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Nina Epton

Nina Consuelo Epton (1913–29 October 2010)[1] was a British radio producer, broadcaster and travel writer, particularly active in the 1950s and 1960s. She travelled alone through Spain, North Africa, and Indonesia. In the 1970s she published a number of historical works about royalty, two books about cats, and a novel based on the life of Jane Digby.

Nina Epton
Born 1913
Died 29 October 2010
Seaford, East Sussex, England
Occupation radio producer, travel writer
Citizenship British
Alma mater University of Paris
Period 20th century
Genre travel writing
Notable works Love and the French (1959)
Love and the English (1960)
Love and the Spanish (1961)
Years active 1949–1977

Her greatest commercial success was a series of literary, historical and sociological books about amorous relationships: Love and the French (1959), Love and the English (1960), Love and the Spanish (1961). In various combinations these were translated into French, German and Spanish. All three were reprinted by Penguin Books in 1964–1965.

Contents

LifeEdit

Early lifeEdit

Epton was born in Hampstead to a Scottish father and a Spanish mother. She was educated partly in England and partly in France, graduated from the University of Paris, and travelled widely.[2]

CareerEdit

During the 1950s she was the producer of the BBC's French-Canadian department,[3] with particular responsibility for BBC contributions to the Canadian Broadcasting Corporation's French-language newsreel, Revue de l'actualité.[4][5] Between 1953 and 1969 she was also an occasional contributor to the BBC Home Service and the BBC Light Programme as a presenter, interviewer, and panellist.[6]

As a travel writer she was considered something of a novelty in the early 1950s as a good-looking woman who travelled alone and engaged deeply and critically with local conditions.[7]

Nina Epton died on 29 October 2010, her last address having been 58 Vale Road, Seaford, East Sussex.[8]

PublicationsEdit

ArticlesEdit

BooksEdit

  • Journey under the Crescent Moon (London: V. Gollancz, 1949).[9]
  • Oasis Kingdom: The Libyan Story (London: Jarrolds, 1952).[10]
  • Islands of the Sunbird: Travels in Indonesia (London and New York: Jarrolds, 1954).[11][12]
  • The Islands of Indonesia, 4 volumes (London: Pitman, 1955)
  • The Valley of Pyrene (London: Cassell, 1955).[13]
  • Grapes and Granite (London: Cassell, 1956)[14][15]
  • The Palace and the Jungle (London: Oldbourne Press, 1957)
  • Navarre: The Flea between Two Monkeys (London: Cassell, 1957)
  • The Golden Sword: Being the dramatized story of Sir Thomas Stamford Raffles, 1781–1826 (London: Oldbourne, 1957)
  • Saints and Sorcerers: A Moroccan Journey (London: Cassell, 1958).[16]
  • Love and the French (London: Cassell, 1959)[17]
  • Love and the English (London: Cassell, 1960)[18]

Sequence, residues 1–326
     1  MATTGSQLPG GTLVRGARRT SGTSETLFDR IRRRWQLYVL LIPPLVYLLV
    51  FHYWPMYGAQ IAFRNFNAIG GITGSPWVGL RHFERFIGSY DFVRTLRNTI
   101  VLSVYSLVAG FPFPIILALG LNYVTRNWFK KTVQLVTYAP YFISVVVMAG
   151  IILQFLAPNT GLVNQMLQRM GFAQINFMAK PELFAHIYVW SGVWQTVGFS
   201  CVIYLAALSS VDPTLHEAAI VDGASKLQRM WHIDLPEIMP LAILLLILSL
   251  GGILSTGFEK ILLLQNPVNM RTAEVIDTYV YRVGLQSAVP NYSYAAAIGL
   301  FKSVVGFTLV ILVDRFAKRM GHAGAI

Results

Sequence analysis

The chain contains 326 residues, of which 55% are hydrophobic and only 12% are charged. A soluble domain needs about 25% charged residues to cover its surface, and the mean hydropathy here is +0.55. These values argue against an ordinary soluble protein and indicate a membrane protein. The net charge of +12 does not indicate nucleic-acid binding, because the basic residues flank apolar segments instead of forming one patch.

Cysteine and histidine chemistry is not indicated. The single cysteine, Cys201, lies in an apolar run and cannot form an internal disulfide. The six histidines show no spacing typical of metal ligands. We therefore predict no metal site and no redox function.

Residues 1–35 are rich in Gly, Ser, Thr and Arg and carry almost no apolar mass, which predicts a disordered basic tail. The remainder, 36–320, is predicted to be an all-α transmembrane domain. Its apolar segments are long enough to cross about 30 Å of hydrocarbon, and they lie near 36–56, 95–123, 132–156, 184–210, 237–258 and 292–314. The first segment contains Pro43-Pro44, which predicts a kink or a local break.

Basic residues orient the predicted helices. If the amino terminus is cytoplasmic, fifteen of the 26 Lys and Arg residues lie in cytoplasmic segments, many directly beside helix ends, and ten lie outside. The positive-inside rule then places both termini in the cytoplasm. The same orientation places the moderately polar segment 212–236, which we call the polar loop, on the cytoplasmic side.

• Love and the Spanish (London, 1961)[19]
  • Milord and Milady (London: Oldbourne, 1962)
  • Seaweed for Breakfast: A Picture of Japanese Life Today (London: Cassell, 1963)
  • Madrid (London: Cassell, 1964)
  • Spain's Magic Coast, from the Miño to the Bidassoa: A personal guidebook (London: Weidenfeld & Nicolson, 1966)[20]
  • Stewart Wavell, Audrey Butt, Nina Epton, Trances (London: Allen & Unwin, 1966)
  • Spanish Fiestas: including romerías, excluding bull-fights (London: Cassell, 1968)
  • Andalusia (London: Weidenfeld & Nicolson, 1968)
  • Victoria and Her Daughters (London: Weidenfeld and Nicolson, 1971).[21]
  • The Spanish Mousetrap: Napoleon and the Court of Spain (London: Macdonald and Co, 1973)
  • Cat Manners and Mysteries (London: Michael Joseph, 1973)
  • The Burning Heart: A novel based on the life of Jane Digby, Lady Ellenborough (London: Macdonald and Jane's, 1974)
  • Magic and Mystics of Java (London: Octagon Press, 1974)
  • Josephine: The Empress and Her Children (London: Weidenfeld and Nicolson, 1975)
  • Dora Bell's Village Cats (London: Joseph, 1977)

ReferencesEdit

  1. ^ "Public Notices" (PDF). Eastbourne Herald. Retrieved 9 June 2015. 
  2. ^ "A Pretty Explorer Will Set Off Again", Sunday Herald (Sydney), 5 July 1953.
  3. ^ "Woman Has a Wanderlust and Writes", The West Australian (Perth), 4 September 1953.
  4. ^ http://www.coutant.org/bbc/
  5. ^ Pierre Pagé, Histoire de la radio au Québec (Quebec, 2007), p. 113.
  6. ^ http://genome.ch.bbc.co.uk/search/0/20?adv=0&q=Epton&media=all&yf=1923&yt=2009&mf=1&mt=12&tf=00%3A00&tt=00%3A00#search
  7. ^ "A Pretty Explorer Will Set Off Again", Sunday Herald (Sydney), 5 July 1953.
  8. ^ "Public Notices" (PDF). Eastbourne Herald. Retrieved 9 June 2015. 
  9. ^ Review in The Advertiser (Adelaide), 1 Oct. 1949.
  10. ^ Reviewed by Henry L. Roberts in Foreign Affairs, Oct. 1954.
  11. ^ Review in The News (Adelaide), 11 June 1954.
  12. ^ Reviewed in The Sydney Morning Herald, 10 July 1954.
  13. ^ Review by Isabel Quigly, in The Tablet, 30 April 1955.
  14. ^ An appreciation by S. G. Rial, "Nina Epton, la escritora inglesa que descubrió la Costa da Morte", La Voz de Galicia, 30 Oct. 2011.
  15. ^ Review by Isabel Quigly, in The Tablet, 21 July 1956.
  16. ^ Review by R. C. Soriven in The Tablet, 4 Oct. 1958.
  17. ^ Reviewed in Kirkus Reviews, Feb. 14, 1959.
  18. ^ Review of the 1965 Penguin editions of Love and the French, English, Spanish, by Alan Fitzgerald in The Canberra Times, 19 June 1965.
  19. ^ Review by Denis Brass in The Tablet, 26 May 1962.
  20. ^ Cited in David Henn, Old Spain and New Spain: The Travel Narratives of Camilo José Cela (Cranbury NJ, 2004), pp. 97, 174.
  21. ^ Review by Paul Foster OP in The Tablet, 16 Oct. 1971.

External linksEdit